As a bit of a PSA, and because most folks probably scan my blog through a reader and don't bother to read comments, I'm going to repost something Matt Finch said the other day in response to the "megadungeon monotony" post.
There are tons of house rules, class variants, new monsters, etc, littering OSR blogs (two thumbs pointing to this guy - just as guilty). Tons of resources on building a sandbox, too. But keeping a sandbox game going, keeping it interesting? Yep, not so much - that's why I thought a note with solid practical advice on *running* the game is worth a special shout.
It is absolutely key that a megadungeon has distinct areas -- and I mean distinct enough that the players can make the distinction based on play, not that the DM happens to know that there's a greater chance of giant rats there. Not only that, but the distinctions need to be meaningful. This allows players the ability to make a decision about where to go in the dungeon. Without that, it is a fungible, undifferentiated, who-cares landscape.
It's incumbent on the DM to either create a dungeon where future missions can be perceived and planned, or to provide some missions the players might choose. Blind exploration gets old if not leavened with some purposeful expeditions that have planning behind them.
Upshot of both those points is that players have to be given meaningful choices and the ability to pre-plan at least some of their activity.
The major potential failing of a megadungeon is not to realize that pre-planning and preparation are fun and integral to the player experience, and a megadungeon risks removing this aspect of the game if it doesn't provide information. Information flow and discoveries are critical components of a megadungeon campaign, or else there is no meaning behind player choices. Might as well flip a coin about our equipment, spell, and direction choices? Not fun.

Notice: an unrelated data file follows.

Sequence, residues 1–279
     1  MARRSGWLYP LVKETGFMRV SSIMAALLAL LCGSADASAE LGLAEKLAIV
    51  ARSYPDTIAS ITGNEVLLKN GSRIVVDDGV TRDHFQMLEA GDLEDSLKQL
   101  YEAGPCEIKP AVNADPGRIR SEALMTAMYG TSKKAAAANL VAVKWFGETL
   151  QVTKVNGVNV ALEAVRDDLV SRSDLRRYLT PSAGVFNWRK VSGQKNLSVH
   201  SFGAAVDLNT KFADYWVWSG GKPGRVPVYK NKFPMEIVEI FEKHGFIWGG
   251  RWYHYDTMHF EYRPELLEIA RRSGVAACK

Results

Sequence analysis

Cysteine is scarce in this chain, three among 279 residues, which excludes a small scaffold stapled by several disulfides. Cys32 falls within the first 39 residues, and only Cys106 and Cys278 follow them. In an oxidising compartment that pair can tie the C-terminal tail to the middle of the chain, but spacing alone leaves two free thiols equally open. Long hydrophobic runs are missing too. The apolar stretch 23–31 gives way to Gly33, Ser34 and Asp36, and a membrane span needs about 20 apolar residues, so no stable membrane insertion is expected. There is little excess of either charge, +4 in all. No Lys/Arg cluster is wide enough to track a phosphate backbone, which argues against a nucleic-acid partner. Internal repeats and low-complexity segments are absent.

That's a very valid point and one well made. But I think one point in particlar needs elaboration: the size of the particular distinct areas. Too small and the missions become too easy (unless the location is difficult to reach), to large and they almost become a seperate dungeon in themselves.ReplyDelete
It helps if the way the denizens in neighbouring areas interact with one another makes sense as well.
The whole concept of sandbox gaming is kind of new to me, but seeing what different people define as part of the concept is fascinating to me, and really opens my eyes on different methods of plotting beyond traditional linear or branching narratives. "Mission" based gaming like Top Secret or Shadowrun reminds me a lot of sandbox, and I'd like to refine the concept in my own mind better, to improve my storytelling skills.ReplyDelete
@Doc - think of sandbox gaming like a computer game where you can go anywhere - a wilderness sandbox might have a home base, a wilderness map, and the DM has sketched out various lairs, dungeons, etc in the wilds. Through rumor and information gathering, the group learns enough to plan excursions into the wilds.ReplyDelete
A megadungeon is like the dungeon-equivalent of a wilderness sandbox - a dungeon so large a group can plan similar excursions.
Lots of (other) bloggers have tips on making a sandbox or a megadungeon - I wanted to repost Matt's comment because it was good advice for *running* a megadungeon.
And since you're new here - my Black City project (link at top) are my efforts to put together a campaign setting that will include a wilderness sandbox and megadungeon - bit by bit, at least.
Yes, that makes sense. I didn't do that with The Black Pyramid of Cha'alt. It's kind of an anti-megadungeon... perhaps. However, I'm about to create a 2nd megadungeon, also on Cha'alt (or underneath it, rather). That will have distinct areas. Useful blog post. Thanks, hoss!ReplyDelete